The Sacramento Bee's Dan Walters column today reports on the flip side of the allegedly Republican-supported military-industrial complex: the enviornmental-corporate complex.
In contemporary California, we should be equally concerned about the rising political power of what one might term an "environmental-corporate complex," whose game works something like this:
A corporation acquires land, proposes development and incurs opposition from environmentalists. There are regulatory hearings, perhaps lawsuits, and lots of publicity. Politicians then promise to "save" the land with public money. Quite often, the purchase price is well above what the corporation paid in the first place. And everyone insists that corporate campaign contributions and fees to well-placed lobbyists played no role.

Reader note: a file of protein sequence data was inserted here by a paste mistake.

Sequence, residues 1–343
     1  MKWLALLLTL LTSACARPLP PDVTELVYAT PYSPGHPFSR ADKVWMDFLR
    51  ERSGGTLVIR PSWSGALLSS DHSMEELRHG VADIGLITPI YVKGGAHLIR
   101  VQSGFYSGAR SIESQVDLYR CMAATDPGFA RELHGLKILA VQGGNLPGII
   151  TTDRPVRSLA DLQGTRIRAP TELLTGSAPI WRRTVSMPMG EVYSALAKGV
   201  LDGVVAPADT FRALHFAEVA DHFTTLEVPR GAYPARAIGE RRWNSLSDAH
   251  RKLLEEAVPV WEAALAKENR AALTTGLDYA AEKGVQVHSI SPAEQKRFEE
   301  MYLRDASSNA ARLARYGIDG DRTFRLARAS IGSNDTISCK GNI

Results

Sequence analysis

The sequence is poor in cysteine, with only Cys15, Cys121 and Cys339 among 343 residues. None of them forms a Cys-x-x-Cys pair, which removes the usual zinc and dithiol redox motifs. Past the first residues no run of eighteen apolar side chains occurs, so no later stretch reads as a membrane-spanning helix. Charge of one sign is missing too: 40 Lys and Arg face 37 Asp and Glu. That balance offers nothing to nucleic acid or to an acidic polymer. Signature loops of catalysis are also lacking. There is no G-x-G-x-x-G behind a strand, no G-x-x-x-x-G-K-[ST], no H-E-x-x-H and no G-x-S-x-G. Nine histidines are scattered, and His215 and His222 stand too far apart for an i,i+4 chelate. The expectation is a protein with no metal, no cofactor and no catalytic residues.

Walter's got specific cases. What a racket -- buy some land, threaten to build on it, get big money from the public treasury. At least with the military-industrial complex you get jets, bombs, ships and thermonuclear weapons. With the environmental-corporate complex you get, what? Land you're not allowed to visit or enjoy because it's environmentally sensitive? Give me bombs anytime -- at least we can drop those on terrorists' heads.